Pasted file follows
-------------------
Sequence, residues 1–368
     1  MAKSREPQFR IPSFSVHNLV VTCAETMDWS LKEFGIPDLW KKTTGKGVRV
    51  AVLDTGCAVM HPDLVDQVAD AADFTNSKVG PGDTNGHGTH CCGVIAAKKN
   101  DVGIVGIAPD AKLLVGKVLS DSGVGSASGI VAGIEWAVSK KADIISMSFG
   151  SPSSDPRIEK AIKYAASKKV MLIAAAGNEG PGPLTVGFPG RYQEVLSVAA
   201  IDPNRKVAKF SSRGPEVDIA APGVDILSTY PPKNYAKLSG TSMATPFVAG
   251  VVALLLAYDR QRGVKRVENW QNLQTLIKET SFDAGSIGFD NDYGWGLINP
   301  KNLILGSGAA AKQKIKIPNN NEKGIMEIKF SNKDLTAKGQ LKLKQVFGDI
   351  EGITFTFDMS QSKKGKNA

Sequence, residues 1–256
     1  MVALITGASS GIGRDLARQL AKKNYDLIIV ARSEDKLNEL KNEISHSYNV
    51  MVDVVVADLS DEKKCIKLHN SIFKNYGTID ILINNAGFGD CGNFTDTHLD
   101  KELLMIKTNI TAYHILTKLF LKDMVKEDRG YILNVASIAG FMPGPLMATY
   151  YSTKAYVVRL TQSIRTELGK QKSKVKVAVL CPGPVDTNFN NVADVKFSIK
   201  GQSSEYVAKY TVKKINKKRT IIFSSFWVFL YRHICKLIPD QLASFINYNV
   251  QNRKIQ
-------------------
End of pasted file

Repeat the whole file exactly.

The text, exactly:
Sequence, residues 1–368
     1  MAKSREPQFR IPSFSVHNLV VTCAETMDWS LKEFGIPDLW KKTTGKGVRV
    51  AVLDTGCAVM HPDLVDQVAD AADFTNSKVG PGDTNGHGTH CCGVIAAKKN
   101  DVGIVGIAPD AKLLVGKVLS DSGVGSASGI VAGIEWAVSK KADIISMSFG
   151  SPSSDPRIEK AIKYAASKKV MLIAAAGNEG PGPLTVGFPG RYQEVLSVAA
   201  IDPNRKVAKF SSRGPEVDIA APGVDILSTY PPKNYAKLSG TSMATPFVAG
   251  VVALLLAYDR QRGVKRVENW QNLQTLIKET SFDAGSIGFD NDYGWGLINP
   301  KNLILGSGAA AKQKIKIPNN NEKGIMEIKF SNKDLTAKGQ LKLKQVFGDI
   351  EGITFTFDMS QSKKGKNA

Sequence, residues 1–256
     1  MVALITGASS GIGRDLARQL AKKNYDLIIV ARSEDKLNEL KNEISHSYNV
    51  MVDVVVADLS DEKKCIKLHN SIFKNYGTID ILINNAGFGD CGNFTDTHLD
   101  KELLMIKTNI TAYHILTKLF LKDMVKEDRG YILNVASIAG FMPGPLMATY
   151  YSTKAYVVRL TQSIRTELGK QKSKVKVAVL CPGPVDTNFN NVADVKFSIK
   201  GQSSEYVAKY TVKKINKKRT IIFSSFWVFL YRHICKLIPD QLASFINYNV
   251  QNRKIQ